It did not take long for the less aggressive wolves to realize they could survive more easily by attaching themselves to the human species. The wolf that became a canine had a plan. It traded belligerence for protection, freedom for food, shelter and eventually medical care (no argument with President Obama about that benefit), loyalty to the pack for a unique loyalty, independence for security, and warfare for peace and comfort. Let the master do the dog work for which they received sufficient benefits and enjoyed every moment. Nevertheless, dogs are never slackers, always willing do their own labors and accomplishing each endeavor with extraordinary proficiency, as hunters, herders, watchers, guards, leaders of the blind, actors, circus performers, police, bloodhounds, and mostly companions. Huskies will pull sleds until their death.
A special intelligence enabled the dog to develop his/her unique life. Humans developed technologically. Dogs developed socially, which is the greatest of all the dog's artistic endeavors.
The master encourages the dog to obey and accept commands. The dog usually learns what is needed - come, halt, sit, stay, heel and run. Our Welsh Pembroke Corgi, whose personal story is revealed in the succeeding pages, did not heel and rarely stayed. As many dogs, he interpreted body language together with words and anticipated commands. Go for the leash and the dog goes to the door. Say "out" and again to the door. He learned "let's eat," "let's play," and "let's go home."
The dog encourages the master to acquire a routine and new activities - raising and training an animal, learning the needs, attending to the needs on schedule, taking short and long walks with the canine, and living life with a difference. The most satisfying activity for the master is the opportunity to observe an animal grow, witness the shaping of a personality and the development of responses to the hazards of life.
Having a dog is a way of life whose interest and excitement depends upon the dog and the master. A dog can modify the master's habits and routines and distract from pursuing some activities. Attachment to the dog means responsibility to the dog. This obligation is similar to other responsibilities, such as in family life, raising children, attentions to vocations and avocations, each of which often deprive a person of time and energy to indulge in other experiences and adventures. However, the other experiences and adventures are not necessarily better experiences and adventures.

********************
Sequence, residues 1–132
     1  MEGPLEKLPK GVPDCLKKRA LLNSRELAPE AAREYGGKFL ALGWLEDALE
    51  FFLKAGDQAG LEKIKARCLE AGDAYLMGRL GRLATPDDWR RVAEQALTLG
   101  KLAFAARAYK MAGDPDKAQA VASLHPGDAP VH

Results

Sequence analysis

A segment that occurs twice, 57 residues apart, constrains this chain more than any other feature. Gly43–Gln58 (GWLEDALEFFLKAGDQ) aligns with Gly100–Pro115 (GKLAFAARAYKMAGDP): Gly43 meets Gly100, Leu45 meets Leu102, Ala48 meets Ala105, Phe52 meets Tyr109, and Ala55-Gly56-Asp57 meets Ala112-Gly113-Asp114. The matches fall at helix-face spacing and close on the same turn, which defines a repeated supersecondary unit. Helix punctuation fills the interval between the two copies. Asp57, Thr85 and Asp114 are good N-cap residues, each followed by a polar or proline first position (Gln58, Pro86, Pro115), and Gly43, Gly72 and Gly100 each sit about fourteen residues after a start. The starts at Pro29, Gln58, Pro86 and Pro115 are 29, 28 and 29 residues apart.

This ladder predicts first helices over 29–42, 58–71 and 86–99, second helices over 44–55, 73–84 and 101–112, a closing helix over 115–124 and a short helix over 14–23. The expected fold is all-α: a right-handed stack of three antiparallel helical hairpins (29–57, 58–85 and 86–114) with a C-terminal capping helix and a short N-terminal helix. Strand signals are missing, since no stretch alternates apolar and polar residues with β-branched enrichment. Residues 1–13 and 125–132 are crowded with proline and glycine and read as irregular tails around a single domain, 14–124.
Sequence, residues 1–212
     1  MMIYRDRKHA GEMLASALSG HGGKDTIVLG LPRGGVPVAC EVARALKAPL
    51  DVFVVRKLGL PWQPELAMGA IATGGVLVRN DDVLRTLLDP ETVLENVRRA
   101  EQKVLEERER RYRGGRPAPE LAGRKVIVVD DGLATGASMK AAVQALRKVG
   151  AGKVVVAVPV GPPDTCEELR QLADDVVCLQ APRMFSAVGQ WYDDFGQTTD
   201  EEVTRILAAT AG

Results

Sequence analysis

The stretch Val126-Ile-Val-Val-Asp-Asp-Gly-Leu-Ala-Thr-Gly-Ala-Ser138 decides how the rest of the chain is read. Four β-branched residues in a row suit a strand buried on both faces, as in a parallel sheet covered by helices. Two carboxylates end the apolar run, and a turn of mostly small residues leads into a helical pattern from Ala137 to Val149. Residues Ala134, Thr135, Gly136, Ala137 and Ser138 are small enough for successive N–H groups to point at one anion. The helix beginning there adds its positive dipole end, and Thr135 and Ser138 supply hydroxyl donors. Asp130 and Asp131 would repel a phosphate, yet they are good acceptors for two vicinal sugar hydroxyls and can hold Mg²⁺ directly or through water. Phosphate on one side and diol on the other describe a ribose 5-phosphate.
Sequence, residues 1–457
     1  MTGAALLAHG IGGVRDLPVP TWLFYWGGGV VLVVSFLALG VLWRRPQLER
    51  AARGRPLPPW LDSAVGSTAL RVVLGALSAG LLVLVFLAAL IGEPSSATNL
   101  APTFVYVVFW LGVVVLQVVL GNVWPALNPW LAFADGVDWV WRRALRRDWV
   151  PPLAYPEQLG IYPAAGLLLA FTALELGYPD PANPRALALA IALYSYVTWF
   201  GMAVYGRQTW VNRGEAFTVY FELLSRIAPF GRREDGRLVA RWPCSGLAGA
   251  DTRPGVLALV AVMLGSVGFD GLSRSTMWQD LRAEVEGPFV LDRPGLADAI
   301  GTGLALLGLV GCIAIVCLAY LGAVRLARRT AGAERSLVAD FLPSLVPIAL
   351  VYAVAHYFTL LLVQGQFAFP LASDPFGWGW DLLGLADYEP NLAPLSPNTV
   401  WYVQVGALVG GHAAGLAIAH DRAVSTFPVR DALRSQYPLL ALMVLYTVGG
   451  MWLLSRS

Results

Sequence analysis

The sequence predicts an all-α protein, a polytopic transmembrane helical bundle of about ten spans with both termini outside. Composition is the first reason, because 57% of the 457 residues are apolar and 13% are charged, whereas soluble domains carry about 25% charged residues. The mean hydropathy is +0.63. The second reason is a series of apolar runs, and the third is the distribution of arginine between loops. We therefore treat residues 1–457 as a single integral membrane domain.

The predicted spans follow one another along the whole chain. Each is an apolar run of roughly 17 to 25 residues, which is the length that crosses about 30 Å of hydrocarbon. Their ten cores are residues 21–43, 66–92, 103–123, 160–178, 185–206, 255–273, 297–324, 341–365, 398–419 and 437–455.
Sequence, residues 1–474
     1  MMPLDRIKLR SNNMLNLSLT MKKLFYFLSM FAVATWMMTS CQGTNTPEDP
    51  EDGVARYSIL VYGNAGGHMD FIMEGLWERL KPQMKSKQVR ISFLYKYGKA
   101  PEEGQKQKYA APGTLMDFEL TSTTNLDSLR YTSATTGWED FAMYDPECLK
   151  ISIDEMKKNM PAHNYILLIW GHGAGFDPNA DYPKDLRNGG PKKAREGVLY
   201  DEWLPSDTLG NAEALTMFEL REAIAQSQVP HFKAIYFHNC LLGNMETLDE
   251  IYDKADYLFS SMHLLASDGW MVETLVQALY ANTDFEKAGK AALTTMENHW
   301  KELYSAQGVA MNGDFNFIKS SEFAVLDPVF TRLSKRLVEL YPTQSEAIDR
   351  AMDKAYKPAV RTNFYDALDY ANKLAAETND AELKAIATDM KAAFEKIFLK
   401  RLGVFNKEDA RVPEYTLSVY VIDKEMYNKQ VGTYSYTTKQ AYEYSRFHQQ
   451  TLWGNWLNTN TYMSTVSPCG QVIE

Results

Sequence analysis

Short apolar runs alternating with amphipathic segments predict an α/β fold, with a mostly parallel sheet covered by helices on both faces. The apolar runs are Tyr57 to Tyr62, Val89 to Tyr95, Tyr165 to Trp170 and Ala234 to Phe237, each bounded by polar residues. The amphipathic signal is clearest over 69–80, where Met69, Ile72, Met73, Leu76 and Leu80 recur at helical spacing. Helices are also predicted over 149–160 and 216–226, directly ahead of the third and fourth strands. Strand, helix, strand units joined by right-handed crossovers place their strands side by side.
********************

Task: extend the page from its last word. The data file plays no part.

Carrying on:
The dog most successfully bridged the divide between the wild and the tame, between jungle life and civilized life, between unkind and mankind. Anyone would gape if he/she saw a sheep blithely walking the streets, but the dog ambles along unnoticed in the streets of Athens, Greece, as if only a non-voting citizen. Lack of notice is a loss. Noticing and understanding canine behavior is a clue to understanding a segment of life.
Read and learn, and still not find the unusual poetic expressions and awareness of life that characterize the dog. Travel the world and not discover the wonders that a dog exhibits. Go to the wilds to observe a cheetah run at its full speed to overcome a zebra, to relish at the cuteness of a baby gorilla, the playfulness and fun of a chimpanzee, the friendliness of an orangutan, the sensibility and dedication of the elephant, the alertness of a tiger, and the acute sense of a gazelle. All of those factors are inherent in the most domesticated animal - the canine. Man's best friend rarely fails the master.
With intent to revealing the clues to understanding canine behavior and describing its inherent factors, the book describes the life of a male Pembroke Welsh Corgi dog. As most dogs, the Corgi combines many of the attributes that define the artistry of a dog. His story is similar to that of many canines, expressed with unique qualities that each dog has, but with those that define a particular dog. It is the story of the canine world, which has captivated human beings in all parts of the globe.